FocusPossible arbitrage for China methanol to southeast Asia

08 July 2011 06:06  [Source: ICIS news]

By Heng Hui

Methanol is used to make formaldehyde, which is used in plywood manufactureSINGAPORE (ICIS)--The tight methanol supply in southeast Asia may lead to the opening of a short arbitrage window for Chinese suppliers as prices look set to shoot beyond $390/tonne (€273/tonne), market participants in Asia said on Friday.

Spot methanol bids were heard at $380-385/tonne CFR (cost & freight) SE (southeast) Asia for the major southeast Asian ports, while Indonesia’s methanol discussions were heard at $390-400/tonne CFR Indonesia on Friday.

Offers for major southeast Asian ports were heard at above $395/tonne CFR SE Asia by noon Singapore time on Friday.

Spot methanol prices in southeast Asia have been rising steadily since April because several plant maintenances in the Middle East and Asia caused supply to become tight.

Prices rose by 6-7% to $380-390/tonne CFR SE Asia on 1 July from $360-365/tonne CFR SE Asia on 10 June, according to ICIS.

The increase was caused by an outage in the second week of June at the 1.7m tonne/year No 2 methanol plant operated by Malaysia’s state-owned oil giant PETRONAS.

PETRONAS, which has a 1.7m tonne/year and a 660,000 tonne/year methanol line at the site, is the biggest producer of methanol in southeast Asia.

It is estimated to supply around 30% of the southeast Asian methanol market, according to market observers.

“The arbitrage window may stay open for only about two to three weeks,” a trader said.

China’s methanol producers started discussions in June about exporting their material to southeast Asia, but no deals have been confirmed yet, market participants said.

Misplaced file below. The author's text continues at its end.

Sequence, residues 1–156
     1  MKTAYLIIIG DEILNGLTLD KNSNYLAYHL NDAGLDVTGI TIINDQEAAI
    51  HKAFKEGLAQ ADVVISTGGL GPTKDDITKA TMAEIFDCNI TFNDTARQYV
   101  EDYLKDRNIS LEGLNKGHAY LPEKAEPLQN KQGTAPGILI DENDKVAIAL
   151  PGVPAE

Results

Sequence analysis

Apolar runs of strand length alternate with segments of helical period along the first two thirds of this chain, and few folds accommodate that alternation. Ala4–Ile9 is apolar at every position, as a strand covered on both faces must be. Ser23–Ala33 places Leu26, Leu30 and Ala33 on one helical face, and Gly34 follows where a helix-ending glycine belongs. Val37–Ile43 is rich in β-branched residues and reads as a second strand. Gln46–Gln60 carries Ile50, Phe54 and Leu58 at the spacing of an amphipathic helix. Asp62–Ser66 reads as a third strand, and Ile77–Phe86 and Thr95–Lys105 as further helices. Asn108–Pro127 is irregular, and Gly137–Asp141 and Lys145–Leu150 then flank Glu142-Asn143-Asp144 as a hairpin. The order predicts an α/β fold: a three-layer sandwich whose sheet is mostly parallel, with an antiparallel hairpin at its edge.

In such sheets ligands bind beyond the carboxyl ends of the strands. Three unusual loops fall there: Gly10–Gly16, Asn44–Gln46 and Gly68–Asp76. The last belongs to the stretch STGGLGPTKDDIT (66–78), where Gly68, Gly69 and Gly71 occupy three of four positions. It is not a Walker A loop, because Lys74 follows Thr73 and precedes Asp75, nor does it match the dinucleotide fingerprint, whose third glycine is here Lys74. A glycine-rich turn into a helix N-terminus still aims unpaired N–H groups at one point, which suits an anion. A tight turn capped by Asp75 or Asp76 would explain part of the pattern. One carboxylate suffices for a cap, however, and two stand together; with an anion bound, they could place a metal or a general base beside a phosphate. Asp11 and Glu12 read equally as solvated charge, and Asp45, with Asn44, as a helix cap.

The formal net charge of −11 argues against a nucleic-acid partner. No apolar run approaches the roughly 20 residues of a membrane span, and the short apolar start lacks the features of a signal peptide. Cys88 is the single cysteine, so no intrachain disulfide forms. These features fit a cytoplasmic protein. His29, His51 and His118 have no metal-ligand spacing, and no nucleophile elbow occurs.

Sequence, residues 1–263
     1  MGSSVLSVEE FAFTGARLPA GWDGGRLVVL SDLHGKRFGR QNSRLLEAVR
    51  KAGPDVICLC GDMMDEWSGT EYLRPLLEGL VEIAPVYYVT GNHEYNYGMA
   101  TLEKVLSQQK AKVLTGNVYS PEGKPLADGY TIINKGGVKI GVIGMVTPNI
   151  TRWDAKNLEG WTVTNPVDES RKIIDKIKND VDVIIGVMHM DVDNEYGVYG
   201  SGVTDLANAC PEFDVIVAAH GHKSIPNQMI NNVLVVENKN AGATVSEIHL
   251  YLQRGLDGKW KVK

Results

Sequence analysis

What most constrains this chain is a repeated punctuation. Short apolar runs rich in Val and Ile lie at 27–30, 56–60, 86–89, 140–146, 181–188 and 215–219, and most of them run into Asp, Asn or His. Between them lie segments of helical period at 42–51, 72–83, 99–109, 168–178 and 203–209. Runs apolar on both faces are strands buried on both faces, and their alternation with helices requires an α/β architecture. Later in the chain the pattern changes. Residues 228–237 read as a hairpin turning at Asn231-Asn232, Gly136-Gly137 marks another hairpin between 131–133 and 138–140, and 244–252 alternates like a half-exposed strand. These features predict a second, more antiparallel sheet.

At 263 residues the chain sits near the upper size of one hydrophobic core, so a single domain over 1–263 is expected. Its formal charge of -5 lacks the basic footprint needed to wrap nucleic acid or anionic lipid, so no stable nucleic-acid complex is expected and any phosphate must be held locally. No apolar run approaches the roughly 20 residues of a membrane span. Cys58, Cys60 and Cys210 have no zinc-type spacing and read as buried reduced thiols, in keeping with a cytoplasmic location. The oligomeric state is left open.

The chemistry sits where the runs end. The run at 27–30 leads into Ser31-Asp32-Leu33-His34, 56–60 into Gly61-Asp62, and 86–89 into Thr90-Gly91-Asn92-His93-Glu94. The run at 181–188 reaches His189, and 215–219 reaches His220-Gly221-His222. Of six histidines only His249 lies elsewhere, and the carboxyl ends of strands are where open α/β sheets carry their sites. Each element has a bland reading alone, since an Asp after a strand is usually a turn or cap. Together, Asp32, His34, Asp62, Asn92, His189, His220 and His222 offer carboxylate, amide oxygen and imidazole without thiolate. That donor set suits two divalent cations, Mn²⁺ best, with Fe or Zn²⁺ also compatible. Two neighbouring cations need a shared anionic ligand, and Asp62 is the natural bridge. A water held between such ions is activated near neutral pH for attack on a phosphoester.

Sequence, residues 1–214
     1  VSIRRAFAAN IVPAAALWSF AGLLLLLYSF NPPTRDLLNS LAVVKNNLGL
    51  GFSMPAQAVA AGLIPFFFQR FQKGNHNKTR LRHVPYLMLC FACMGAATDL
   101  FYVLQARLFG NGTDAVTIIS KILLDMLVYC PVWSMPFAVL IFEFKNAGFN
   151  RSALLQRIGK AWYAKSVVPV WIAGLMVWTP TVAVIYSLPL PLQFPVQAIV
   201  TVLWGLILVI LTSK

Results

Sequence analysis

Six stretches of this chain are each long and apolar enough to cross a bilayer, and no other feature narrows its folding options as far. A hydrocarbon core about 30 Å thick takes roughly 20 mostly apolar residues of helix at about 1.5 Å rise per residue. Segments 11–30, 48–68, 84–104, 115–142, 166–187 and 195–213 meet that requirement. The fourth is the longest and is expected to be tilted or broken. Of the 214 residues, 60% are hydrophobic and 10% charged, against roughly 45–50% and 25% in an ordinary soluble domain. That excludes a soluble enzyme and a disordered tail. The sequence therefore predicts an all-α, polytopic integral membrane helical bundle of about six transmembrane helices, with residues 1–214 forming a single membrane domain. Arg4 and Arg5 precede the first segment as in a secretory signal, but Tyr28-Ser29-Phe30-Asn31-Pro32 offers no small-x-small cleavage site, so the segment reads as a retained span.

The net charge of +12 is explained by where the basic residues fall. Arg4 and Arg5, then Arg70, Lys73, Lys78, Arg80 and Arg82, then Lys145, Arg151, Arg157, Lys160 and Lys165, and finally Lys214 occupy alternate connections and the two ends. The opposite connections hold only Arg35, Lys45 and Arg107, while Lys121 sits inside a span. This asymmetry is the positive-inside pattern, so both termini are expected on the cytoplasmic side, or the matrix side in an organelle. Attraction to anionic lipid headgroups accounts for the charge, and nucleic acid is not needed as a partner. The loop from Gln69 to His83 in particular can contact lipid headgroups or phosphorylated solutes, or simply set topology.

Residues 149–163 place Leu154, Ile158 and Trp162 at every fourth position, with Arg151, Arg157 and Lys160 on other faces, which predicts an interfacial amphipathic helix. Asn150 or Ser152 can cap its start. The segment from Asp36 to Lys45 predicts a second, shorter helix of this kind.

China’s methanol inventories were around 600,000 tonnes at the end of June, according to market observers in Asia.

Chinese export interest was at $360-370/tonne FOB (free on board) China, although bids were below $360/tonne FOB China last week, traders in Asia told ICIS.

With freight estimated at around $30-35/tonne, this works out to be $390-400/tonne CFR SE Asia, according to sellers in Asia.

“I don’t hear anyone bidding at such levels yet. Most end-users are still below $375/tonne CFR SE Asia. A few traders might have indicated $380/tonne CFR SE Asia,” a trader based in southeast Asia said.

Brunei’s sole methanol producer Brunei Methanol Co (BMC) restarted operations at its 850,000 tonne/year plant in Sungei Liang Industrial Park on 1 July. It was shut on 15 June because of a technical difficulty.

Some market participants in Asia estimate the southeast Asian methanol market at around 2.3m tonnes/year. This number consists of the requirements in Indonesia, Malaysia, Singapore and Thailand. Methanol consumption in Vietnam and the Philippines is unknown, but estimated to be smaller, said some market observers in Asia.

Both buyers and sellers in Asia agreed that the southeast Asian market was largely contracted and spot enquiries possibly did not total more than 10,000 tonnes in a week.

Although buying indications were capped at $380/tonne CFR SE Asia, many traders in Asia said it was extremely difficult to locate cargo.

Market observers in Asia said southeast Asian methanol prices might increase before dipping down again once supply from China starts to flow.

A few traders in Asia said it was difficult to divert Middle Eastern contract cargoes bound for China to southeast Asia as they would have to pay levies for an additional discharging port.

The traders added that the suppliers will charge extra in order to profit from the high South Korea and southeast Asia prices.

South Korea prices were at $370-375/tonne CFR Korea when last assessed on 1 July, according to ICIS data.

A producer in Asia said most sellers are waiting to see if prices will move upwards because of the tight supply.

A buyer in southeast Asia said supply might lengthen again once BMC’s plant starts to contribute volumes.

Methanol is used to make formaldehyde, methyl tertiary butyl ether (MTBE), methyl methacrylate (MMA) and acetic acid.

Methanol is being used as a fuel in China to produce dimethyl ether (DME) which is a partial substitute to liquefied petroleum gas (LPG).

Using the methanol-to-olefin process, methanol can be converted to ethylene and propylene.

($1 = €0.70)

For more on methanol, visit ICIS chemical intelligence
Please visit the complete ICIS plants and projects database
Read John Richardson and Malini Hariharan’s blog – Asian Chemical Connections


By: Heng Hui
+65 6780 4359



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